“For whoever has, to him more shall be given, and he will have an abundance; but whoever does not have, even what he has shall be taken away from him.” (Matthew 13:12)

If you have the Grace of God, you will receive more grace, “and grace upon grace.” (John 1:16) But if you don’t have the Grace of God (as you refuse to receive it), then even what you have shall be taken from you. N.B.: In this last case you THINK you have, but in fact you don’t: “So take care how you listen; for whoever has, to him more shall be given; and whoever does not have, even what he thinks he has shall be taken away from him.” (Luke 8:18) So if you think your human fleshly resources are worthy of your trust, then you are deceiving yourself: you THINK that you have anything of worth, but in fact you don’t, and so you build your life on dreams. You can’t plan for your future with your personal resources, and you should wholly rely on Jesus to be the Master of your life. Jesus is God who does not change, but money comes and goes and cannot give spiritual stability and peace of heart. That’s why Jesus continues after the passage that you quoted:

“Thus then every one of you who forsakes not all that is his own cannot be my disciple.” (Luke 14:33)

“Thus then” links this conclusion with all what He said above: so if you rely on your possessions and you do not forsake them ALL, you cannot be a true disciple of Christ. Christ should be the Master of your life, and not possessions. Your possessions should cease to be yours and they should be the Lord’s. It is HE who decides what to do with them, and not you, as they are not yours but His. Your role should be to obey HIS decisions as a good steward, and you should use His possessions (they are not yours but His) to His Glory. So the right order is:

God is the Master and Owner of everything in your life.
You are the steward who should manage the possessions of your Master.
Money is the slave.

The wrong order is:

Money is the master.
You are the slave.
God is dishonored and is out of the equation!

Notice that money does not make you a steward, but a slave. While God makes you His child in Christ, and you serve in His house as a steward or a manager, as the son who is over his father’s house. We can study this later in more details with the parable of the unrighteous steward in Luke 16:1-13, but let us just say a few words about that parable as it links what we saw above with the context of the first verse that you quoted from Matthew 6:34 in your question. In the parable of the unrighteous steward, the Lord says God is the Master, the Owner of everything, and that we are the stewards who should act in a wise way concerning money, in order to please God by His Grace. We should be faithful to God in the management of His possessions, and we should not squander and waste His possessions (see Luke 16:1). And one important way not to waste His possessions is to share them with the needy and to help the poor. It is in this way that we prove to be His faithful children, and we know that we have security in Him as our Father in Christ. And the Lord closes the parable with a verse that He uses also in the context of the first verse that you quoted in your question:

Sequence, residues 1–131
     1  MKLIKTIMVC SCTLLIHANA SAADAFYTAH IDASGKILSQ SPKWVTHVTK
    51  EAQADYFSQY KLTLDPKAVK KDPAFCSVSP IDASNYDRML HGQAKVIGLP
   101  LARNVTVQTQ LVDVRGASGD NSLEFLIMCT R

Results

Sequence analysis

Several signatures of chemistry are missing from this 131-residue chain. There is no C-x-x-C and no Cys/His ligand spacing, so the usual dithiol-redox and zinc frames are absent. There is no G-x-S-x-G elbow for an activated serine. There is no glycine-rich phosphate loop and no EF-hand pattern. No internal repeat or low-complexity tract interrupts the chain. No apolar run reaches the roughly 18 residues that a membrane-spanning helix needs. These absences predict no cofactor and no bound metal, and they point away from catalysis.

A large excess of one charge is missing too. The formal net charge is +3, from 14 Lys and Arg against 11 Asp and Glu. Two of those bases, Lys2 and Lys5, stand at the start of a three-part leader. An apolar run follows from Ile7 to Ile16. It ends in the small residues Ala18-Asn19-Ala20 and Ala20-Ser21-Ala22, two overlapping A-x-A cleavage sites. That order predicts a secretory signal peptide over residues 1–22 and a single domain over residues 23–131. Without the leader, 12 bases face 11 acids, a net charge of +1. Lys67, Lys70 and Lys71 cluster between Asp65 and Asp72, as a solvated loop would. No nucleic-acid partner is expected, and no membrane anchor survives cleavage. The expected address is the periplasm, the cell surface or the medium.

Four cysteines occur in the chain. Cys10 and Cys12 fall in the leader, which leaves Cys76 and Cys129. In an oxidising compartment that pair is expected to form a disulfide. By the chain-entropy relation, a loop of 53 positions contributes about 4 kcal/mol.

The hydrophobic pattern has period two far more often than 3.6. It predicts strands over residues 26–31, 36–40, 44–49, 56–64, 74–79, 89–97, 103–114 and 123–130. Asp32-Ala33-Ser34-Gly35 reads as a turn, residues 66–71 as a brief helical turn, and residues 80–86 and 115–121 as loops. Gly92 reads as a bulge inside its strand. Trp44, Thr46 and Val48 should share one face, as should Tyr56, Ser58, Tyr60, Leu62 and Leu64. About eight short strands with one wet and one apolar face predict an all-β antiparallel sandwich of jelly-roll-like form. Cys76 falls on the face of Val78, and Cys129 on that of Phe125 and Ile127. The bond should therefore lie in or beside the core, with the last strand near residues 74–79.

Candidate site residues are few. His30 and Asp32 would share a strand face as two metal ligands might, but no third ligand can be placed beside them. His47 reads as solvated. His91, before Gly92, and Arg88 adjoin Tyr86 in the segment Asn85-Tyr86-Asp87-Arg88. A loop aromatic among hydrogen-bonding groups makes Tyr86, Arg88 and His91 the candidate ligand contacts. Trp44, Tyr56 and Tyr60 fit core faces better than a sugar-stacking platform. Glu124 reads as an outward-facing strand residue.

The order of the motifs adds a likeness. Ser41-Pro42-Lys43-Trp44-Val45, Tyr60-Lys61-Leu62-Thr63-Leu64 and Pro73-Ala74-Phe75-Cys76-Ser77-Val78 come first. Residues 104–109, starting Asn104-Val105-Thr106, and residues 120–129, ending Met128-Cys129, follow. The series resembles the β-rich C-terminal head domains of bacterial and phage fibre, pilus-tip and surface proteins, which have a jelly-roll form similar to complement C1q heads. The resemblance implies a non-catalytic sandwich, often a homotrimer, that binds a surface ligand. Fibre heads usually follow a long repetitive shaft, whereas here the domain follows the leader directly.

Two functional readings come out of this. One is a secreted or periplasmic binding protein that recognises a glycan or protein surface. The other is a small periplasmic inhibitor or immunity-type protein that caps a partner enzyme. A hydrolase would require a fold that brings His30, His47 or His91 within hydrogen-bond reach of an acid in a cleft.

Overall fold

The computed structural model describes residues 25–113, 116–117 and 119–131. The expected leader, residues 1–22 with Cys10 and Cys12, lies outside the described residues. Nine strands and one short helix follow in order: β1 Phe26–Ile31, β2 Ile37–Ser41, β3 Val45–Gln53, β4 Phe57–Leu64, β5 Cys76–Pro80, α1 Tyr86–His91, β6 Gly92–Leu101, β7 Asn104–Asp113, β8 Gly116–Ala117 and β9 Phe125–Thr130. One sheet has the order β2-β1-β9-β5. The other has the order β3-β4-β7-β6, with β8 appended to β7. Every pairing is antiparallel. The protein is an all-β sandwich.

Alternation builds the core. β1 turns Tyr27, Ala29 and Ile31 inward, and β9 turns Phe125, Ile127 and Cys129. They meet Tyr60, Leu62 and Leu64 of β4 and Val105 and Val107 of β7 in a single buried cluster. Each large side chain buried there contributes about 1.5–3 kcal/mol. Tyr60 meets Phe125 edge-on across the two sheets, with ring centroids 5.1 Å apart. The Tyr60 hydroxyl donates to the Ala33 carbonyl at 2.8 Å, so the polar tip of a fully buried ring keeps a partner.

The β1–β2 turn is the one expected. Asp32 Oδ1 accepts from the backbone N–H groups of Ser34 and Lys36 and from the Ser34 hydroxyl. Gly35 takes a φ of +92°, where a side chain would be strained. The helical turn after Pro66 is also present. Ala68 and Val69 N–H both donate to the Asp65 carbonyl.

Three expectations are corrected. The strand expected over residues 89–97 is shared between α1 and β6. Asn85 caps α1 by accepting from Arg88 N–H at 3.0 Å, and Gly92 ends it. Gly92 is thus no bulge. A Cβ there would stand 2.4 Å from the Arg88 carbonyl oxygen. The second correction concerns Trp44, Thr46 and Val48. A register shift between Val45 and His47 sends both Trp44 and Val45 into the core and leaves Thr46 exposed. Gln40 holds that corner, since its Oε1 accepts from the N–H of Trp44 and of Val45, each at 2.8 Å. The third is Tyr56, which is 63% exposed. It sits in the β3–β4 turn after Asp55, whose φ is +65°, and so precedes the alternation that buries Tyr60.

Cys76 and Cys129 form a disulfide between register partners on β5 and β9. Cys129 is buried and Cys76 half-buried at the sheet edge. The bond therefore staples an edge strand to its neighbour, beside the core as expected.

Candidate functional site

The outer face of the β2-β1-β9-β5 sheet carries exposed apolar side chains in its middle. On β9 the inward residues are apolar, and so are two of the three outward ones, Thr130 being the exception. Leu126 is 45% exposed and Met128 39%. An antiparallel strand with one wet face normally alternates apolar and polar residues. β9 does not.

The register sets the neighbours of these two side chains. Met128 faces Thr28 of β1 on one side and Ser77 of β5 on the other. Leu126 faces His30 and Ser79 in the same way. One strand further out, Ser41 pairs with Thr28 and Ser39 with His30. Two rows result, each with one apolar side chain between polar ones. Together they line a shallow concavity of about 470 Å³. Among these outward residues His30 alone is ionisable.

“No servant can serve two masters; for either he will hate the one and love the other, or else he will be devoted to one and despise the other. You cannot serve God and wealth.” (Luke 16:13)

So this is the main point in our study concerning planning and worrying: WHO IS THE MASTER OF MY LIFE? Whom am I serving: God or wealth?

And this is indeed the same topic about which Jesus talks in the context of Matthew 6:34. Let’s see it together in a brief way:

“Lay not up for yourselves treasures upon the earth, where moth and rust spoils, and where thieves dig through and steal; but lay up for yourselves treasures in heaven, where neither moth nor rust spoils, and where thieves do not dig through nor steal; for where thy treasure is, there will be also thy heart.” (Matthew 6:19-21)

Contrary to the worldly way of thinking that builds the whole future hope and the whole life on earthly treasures, Jesus says that we should not store up for us treasures on earth. It’s not money that will give us assurance. Money and all things in life should be in the service of God’s Glory, as we have seen above. And this is indeed how we store up for us treasures in Heaven, i.e. by living for Christ alone. Or else, we will be blinded by money and we will not be able to have the single eye and the single heart that relies on God alone:

“The lamp of the body is the eye; if therefore thine eye be single, thy whole body will be light: but if thine eye be wicked, thy whole body will be dark. If therefore the light that is in thee be darkness, how great the darkness!” (Matthew 6:22-23)

So let us make sure we keep our eyes on the Light, on Jesus Christ, and thus we will walk in the light, and not in the darkness of the worldly man who walks in sin and keeps worrying and trying to control his own life, and thus he stays in slavery to sin. So the Lord continues:

“No one can serve two masters; for either he will hate the one and will love the other, or he will hold to the one and despise the other. Ye cannot serve God and mammon.” (Matthew 6:24)